The Acquisition of Differential Object Marking

Editors
Alexandru Mardale | INaLCO, Paris
Silvina Montrul | University of Illinois at Urbana-Champaign
HardboundAvailable
ISBN 9789027205636 | EUR 99.00 | USD 149.00
 
e-Book
ISBN 9789027261090 | EUR 99.00 | USD 149.00
 
Differential Object marking (DOM), a linguistic phenomenon in which a direct object is morphologically marked for semantic and pragmatic reasons, has attracted the attention of several subfields of linguistics in the past few years. DOM has evolved diachronically in many languages, whereas it has disappeared from others; it is easily acquired by monolingual children, but presents high instability and variability in bilingual acquisition and language contact situations. This edited collection contributes to further our understanding of the nature and development of DOM in the languages of the world, in acquisition, and in language contact, variation, and change. The thirteen chapters in this volume present new empirical data from Estonian, Spanish, Turkish, Korean, Hindi, Romanian and Basque in different acquisition contexts and learner populations. They also bring together multiple theoretical and methodological perspectives to account for the complexity and dynamicity of this widespread linguistic phenomenon.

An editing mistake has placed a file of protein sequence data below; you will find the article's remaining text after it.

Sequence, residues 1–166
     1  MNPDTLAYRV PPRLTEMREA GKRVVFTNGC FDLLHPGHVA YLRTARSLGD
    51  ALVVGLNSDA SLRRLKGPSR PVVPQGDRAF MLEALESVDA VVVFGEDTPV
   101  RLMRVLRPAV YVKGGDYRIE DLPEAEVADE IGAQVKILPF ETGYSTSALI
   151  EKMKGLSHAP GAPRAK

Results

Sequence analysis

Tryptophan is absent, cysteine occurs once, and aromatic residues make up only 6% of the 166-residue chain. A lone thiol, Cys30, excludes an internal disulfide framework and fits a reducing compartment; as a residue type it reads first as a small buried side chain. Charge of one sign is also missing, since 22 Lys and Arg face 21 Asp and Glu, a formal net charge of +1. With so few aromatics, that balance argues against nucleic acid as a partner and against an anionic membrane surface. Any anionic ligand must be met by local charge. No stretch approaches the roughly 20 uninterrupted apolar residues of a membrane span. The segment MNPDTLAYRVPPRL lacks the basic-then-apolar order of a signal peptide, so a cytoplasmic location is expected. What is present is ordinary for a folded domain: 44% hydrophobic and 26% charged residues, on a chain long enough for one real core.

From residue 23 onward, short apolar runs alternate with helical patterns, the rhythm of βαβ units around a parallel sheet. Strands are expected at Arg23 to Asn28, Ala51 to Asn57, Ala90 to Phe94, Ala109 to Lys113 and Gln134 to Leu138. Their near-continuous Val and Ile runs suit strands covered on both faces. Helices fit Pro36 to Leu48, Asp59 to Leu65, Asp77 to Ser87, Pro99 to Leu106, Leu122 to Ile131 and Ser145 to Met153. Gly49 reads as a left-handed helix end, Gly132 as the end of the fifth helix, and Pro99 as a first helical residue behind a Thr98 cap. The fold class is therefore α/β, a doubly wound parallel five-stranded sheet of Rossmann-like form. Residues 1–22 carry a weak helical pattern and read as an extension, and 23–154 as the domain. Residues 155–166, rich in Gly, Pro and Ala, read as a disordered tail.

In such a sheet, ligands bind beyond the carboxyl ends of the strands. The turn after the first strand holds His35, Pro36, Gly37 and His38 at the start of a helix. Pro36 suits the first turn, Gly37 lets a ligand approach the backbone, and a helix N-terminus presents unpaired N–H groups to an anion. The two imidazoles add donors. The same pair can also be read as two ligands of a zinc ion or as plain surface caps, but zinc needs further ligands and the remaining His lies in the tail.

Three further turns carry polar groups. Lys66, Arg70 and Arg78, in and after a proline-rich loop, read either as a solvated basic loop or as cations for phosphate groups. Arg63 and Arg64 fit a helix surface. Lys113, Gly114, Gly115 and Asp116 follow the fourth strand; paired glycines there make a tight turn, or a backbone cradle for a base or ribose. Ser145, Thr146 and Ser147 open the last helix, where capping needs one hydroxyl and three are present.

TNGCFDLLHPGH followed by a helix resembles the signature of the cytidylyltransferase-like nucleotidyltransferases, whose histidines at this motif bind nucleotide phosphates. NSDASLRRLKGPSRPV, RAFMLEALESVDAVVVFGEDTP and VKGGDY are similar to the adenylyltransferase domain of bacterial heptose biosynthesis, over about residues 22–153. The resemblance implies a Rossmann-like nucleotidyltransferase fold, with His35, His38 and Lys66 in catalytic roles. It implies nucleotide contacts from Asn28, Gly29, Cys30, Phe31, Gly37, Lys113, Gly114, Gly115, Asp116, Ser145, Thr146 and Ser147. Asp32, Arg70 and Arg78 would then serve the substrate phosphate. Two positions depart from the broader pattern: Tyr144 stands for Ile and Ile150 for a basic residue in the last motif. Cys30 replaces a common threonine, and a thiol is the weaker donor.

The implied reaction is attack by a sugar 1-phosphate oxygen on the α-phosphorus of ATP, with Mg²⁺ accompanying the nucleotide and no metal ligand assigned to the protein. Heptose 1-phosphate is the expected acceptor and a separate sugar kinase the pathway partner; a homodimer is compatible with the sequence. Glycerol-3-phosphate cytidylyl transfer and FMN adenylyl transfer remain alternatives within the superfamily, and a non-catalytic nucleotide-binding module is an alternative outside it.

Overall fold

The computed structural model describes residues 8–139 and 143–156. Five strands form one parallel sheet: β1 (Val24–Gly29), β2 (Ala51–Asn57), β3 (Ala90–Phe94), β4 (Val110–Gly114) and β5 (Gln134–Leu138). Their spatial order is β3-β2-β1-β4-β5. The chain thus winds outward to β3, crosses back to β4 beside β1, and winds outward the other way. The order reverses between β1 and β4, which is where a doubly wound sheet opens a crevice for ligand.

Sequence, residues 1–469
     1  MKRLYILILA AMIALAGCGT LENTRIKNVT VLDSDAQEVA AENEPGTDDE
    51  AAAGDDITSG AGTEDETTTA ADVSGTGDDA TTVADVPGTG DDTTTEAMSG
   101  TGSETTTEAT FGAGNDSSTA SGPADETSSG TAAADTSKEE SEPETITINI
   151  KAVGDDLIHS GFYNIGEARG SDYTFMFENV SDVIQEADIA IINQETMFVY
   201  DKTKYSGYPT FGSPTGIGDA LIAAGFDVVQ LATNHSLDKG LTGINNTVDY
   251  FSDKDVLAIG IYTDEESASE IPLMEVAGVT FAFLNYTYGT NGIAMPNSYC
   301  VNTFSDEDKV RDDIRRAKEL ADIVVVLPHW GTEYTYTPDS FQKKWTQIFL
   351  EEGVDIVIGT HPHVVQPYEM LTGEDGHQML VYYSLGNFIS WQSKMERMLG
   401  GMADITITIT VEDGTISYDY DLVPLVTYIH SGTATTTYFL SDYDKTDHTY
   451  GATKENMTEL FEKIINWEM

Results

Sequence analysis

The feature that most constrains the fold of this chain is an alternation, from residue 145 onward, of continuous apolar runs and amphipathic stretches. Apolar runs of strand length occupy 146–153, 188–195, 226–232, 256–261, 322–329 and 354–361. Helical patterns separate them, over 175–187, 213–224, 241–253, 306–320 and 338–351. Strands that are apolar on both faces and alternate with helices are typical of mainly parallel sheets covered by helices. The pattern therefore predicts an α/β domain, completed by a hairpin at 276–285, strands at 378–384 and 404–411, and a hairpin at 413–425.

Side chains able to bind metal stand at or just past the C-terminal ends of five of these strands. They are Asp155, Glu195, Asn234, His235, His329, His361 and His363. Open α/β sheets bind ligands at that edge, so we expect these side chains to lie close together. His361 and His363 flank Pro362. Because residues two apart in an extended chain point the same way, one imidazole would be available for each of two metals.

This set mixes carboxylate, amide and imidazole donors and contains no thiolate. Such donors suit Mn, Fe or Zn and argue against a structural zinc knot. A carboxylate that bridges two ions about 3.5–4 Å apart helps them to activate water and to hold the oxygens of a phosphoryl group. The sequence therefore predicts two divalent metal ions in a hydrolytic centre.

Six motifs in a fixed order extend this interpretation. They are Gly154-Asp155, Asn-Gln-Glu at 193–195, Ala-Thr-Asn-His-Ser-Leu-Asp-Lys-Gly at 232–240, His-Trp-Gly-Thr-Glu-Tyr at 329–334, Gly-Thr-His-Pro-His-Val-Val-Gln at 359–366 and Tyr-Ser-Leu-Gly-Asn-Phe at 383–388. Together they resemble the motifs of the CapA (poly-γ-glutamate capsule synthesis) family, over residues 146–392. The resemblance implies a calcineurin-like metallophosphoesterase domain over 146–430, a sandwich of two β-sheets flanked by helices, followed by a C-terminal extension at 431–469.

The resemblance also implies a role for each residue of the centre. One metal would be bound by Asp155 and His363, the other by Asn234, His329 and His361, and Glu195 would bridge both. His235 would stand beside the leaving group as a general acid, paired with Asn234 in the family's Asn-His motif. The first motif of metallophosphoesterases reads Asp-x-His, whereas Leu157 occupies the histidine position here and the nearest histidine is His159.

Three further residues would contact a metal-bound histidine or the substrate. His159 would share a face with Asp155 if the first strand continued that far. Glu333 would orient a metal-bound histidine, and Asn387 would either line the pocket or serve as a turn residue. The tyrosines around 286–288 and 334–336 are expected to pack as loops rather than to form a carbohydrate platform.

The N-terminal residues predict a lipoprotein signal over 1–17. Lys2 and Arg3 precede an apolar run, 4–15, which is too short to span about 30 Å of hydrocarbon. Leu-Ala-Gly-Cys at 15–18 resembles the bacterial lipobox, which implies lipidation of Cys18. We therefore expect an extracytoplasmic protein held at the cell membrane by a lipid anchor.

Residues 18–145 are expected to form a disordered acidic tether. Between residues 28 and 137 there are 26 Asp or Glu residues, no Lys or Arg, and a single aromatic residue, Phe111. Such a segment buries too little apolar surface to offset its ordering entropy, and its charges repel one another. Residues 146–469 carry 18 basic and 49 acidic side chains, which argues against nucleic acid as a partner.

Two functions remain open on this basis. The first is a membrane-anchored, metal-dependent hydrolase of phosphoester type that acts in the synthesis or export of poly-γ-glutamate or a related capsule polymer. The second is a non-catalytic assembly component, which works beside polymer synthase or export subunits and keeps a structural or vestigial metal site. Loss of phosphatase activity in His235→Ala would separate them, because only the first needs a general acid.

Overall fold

[Trends in Language Acquisition Research, 26]  2020.  vi, 369 pp.
Publishing status: Available
Table of Contents
Cited by

Cited by 2 other publications

Coppock, Elizabeth
2022. Object agreement in Hungarian. Journal of Uralic Linguistics 1:1  pp. 121 ff. Crossref logo
Coskun Kunduz, Aylin & Silvina Montrul
2022. Sources of variability in the acquisition of Differential Object Marking by Turkish heritage language children in the United States. Bilingualism: Language and Cognition 25:4  pp. 603 ff. Crossref logo

This list is based on CrossRef data as of 11 october 2022. Please note that it may not be complete. Sources presented here have been supplied by the respective publishers. Any errors therein should be reported to them.

Subjects & Metadata
BIC Subject: CFDC – Language acquisition
BISAC Subject: LAN009000 – LANGUAGE ARTS & DISCIPLINES / Linguistics / General
ONIX Metadata
ONIX 2.1
ONIX 3.0
U.S. Library of Congress Control Number:  2020014059 | Marc record